Ten Things to Know About the Child and Dependent Care Credit

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Child care is expensive. Month in and month out, parents across the country work hard to pay for childcare. Thankfully there is some tax relief from the government.

Lawmakers years ago recognized that parents needed some sort of relief from the childcare cost burden. The relief caps out at a certain amount and it doesn’t cover every dollar spent but it does help some.

Here’s IRS guidance on how to take advantage of the child and dependent care credit:

Ten Things to Know About the Child and Dependent Care Credit

If you paid someone to care for your child, spouse, or dependent last year, you may be able to claim the Child and Dependent Care Credit on your federal income tax return. Below are 10 things the IRS wants you to know about claiming a credit for child and dependent care expenses.

  1. The care must have been provided for one or more qualifying persons. A qualifying person is your dependent child age 12 or younger when the care was provided. Additionally, your spouse and certain other individuals who are physically or mentally incapable of self-care may also be qualifying persons. You must identify each qualifying person on your tax return.
  2. The care must have been provided so you – and your spouse if you are married filing jointly – could work or look for work.
  3. You – and your spouse if you file jointly – must have earned income from wages, salaries, tips, other taxable employee compensation or net earnings from self-employment. One spouse may be considered as having earned income if they were a full-time student or were physically or mentally unable to care for themselves.
  4. The payments for care cannot be paid to your spouse, to the parent of your qualifying person, to someone you can claim as your dependent on your return, or to your child who will not be age 19 or older by the end of the year even if he or she is not your dependent. You must identify the care provider(s) on your tax return.
  5. Your filing status must be single, married filing jointly, head of household or qualifying widow(er) with a dependent child.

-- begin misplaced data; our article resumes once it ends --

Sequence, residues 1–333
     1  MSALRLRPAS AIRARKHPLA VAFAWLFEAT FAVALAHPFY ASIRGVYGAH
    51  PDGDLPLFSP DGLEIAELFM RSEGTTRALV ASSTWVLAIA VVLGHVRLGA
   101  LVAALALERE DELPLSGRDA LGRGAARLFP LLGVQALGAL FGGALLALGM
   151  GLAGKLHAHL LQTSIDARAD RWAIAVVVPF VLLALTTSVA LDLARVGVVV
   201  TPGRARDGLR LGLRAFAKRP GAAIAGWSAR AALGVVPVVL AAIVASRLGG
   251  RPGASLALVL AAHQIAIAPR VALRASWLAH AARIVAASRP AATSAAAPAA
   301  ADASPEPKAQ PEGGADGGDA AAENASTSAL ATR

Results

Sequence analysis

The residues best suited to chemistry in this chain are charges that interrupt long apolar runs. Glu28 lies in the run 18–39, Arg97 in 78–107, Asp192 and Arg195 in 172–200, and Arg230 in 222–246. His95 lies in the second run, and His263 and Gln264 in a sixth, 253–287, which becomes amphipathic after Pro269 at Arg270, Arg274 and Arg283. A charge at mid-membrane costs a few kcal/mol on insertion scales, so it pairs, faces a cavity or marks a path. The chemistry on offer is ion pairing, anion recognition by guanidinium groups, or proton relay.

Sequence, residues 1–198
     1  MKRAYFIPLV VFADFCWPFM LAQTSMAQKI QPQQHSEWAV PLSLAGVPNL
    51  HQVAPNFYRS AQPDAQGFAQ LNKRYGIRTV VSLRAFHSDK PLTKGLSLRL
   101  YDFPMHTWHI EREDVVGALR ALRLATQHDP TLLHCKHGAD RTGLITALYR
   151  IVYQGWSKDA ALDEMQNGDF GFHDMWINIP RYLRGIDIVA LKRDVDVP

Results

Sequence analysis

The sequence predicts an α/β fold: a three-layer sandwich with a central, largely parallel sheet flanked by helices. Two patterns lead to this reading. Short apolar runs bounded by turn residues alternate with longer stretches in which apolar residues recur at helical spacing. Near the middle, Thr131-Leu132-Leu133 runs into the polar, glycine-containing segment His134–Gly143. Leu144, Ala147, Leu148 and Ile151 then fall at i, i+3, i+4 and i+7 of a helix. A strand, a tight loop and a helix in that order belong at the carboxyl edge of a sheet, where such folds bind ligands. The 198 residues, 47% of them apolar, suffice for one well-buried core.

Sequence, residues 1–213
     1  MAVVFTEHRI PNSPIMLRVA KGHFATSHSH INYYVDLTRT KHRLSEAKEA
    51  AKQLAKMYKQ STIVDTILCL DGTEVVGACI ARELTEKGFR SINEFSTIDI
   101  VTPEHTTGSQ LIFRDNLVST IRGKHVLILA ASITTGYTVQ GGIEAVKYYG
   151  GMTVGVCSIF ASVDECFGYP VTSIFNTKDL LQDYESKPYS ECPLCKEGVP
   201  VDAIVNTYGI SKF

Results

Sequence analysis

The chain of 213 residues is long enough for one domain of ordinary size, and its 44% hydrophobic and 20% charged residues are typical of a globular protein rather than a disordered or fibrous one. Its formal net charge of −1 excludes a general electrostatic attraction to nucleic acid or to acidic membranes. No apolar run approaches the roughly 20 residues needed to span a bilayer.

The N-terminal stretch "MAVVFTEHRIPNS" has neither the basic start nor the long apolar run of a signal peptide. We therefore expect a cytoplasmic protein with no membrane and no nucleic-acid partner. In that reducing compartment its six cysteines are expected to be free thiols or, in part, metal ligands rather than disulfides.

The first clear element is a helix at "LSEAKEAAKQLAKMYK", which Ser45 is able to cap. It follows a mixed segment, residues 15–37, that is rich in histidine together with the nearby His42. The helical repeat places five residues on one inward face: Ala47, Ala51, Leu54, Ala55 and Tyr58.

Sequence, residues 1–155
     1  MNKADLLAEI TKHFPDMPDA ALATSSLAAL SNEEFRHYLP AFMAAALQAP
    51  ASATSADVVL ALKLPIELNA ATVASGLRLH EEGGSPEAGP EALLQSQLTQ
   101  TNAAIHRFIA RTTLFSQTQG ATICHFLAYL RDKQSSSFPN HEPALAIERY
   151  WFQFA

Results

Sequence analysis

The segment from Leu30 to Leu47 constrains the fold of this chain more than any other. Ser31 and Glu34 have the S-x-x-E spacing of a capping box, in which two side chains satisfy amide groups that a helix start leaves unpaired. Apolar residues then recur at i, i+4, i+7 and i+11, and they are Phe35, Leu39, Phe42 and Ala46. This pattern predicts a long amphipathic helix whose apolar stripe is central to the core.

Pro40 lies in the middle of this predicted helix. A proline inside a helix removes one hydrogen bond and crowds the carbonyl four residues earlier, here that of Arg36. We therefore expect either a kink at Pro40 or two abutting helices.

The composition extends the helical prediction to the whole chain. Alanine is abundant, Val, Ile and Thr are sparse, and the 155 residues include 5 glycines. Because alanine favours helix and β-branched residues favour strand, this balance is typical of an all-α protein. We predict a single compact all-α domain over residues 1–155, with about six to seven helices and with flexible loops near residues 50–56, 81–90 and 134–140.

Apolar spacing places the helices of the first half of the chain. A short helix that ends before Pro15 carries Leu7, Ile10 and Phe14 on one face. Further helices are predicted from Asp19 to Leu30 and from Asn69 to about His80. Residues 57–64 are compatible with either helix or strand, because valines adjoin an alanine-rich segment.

6. The qualifying person must have lived with you for more than half of 2010. There are exceptions for the birth or death of a qualifying person, or a child of divorced or separated parents. See Publication 503, Child and Dependent Care Expenses.
  7. The credit can be up to 35 percent of your qualifying expenses, depending upon your adjusted gross income.
  8. For 2010, you may use up to $3,000 of expenses paid in a year for one qualifying individual or $6,000 for two or more qualifying individuals to figure the credit.
  9. The qualifying expenses must be reduced by the amount of any dependent care benefits provided by your employer that you deduct or exclude from your income.
  10. If you pay someone to come to your home and care for your dependent or spouse, you may be a household employer and may have to withhold and pay social security and Medicare tax and pay federal unemployment tax. See Publication 926, Household Employer’s Tax Guide.

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Money Clubs for Children

zealblack2bboy2band2bpiggy2bbankStarting an after school money club with a few other classmates can go a long way in the development of a child’s understanding of money. They can not only arrange trips to the bank together but they can also sit down every so often and talk about how money affects their lives. This provides a great experience that can go a long way in a child’s understanding of money.

Today many schools do not make money management a part of their daily curriculum. There are a number of very valid reasons why. Something has to be done however to bridge the money intelligence gap. The reason, at a certain point every child will grow up and have to be money smart. Without lessons on money they will have a financial intelligence gap that could hinder them. It won’t help with their family and it won’t help their work life.

Take Children to the Bank

Clubs can do a number of things to promote childhood understanding of money. As mentioned earlier members can take monthly trips to local banks. While they are there, club members can deposit allowance, birthday and holiday money they get from family and friends. They can talk with the tellers, bank managers and other employees about their accounts and how they work. They can also go over many other aspects of banking.

Children Share Reports on Money with Each Other

The young members of the club can also do reports on different aspects of money management and share those finding with their fellow members. They can go over the history of money, report on how salaries work or explain to each other how bills are paid. However, no matter what the money report is about each member gets something that they might not have received before. Those who have, can add to the conversation.

Parents Share Money Ideas with the Club

Another great way for children to bridge the money intelligence gap is to have parents come into the meetings with their own experiences with how to handle money. Parents can do this on their own, through the PTA or working with the local bank representatives.

Children look up to adults and parents especially. Parents can work together on the right ideas and presenters to give their children the best lesson they can on how to handle money.

Children of all ages can start or continue the process of learning about money management along with everything else they need to learn. The challenge however has been how to make that learning happen on a regular basis. Starting and expanding a money club can go a long way in encouraging that learning process.

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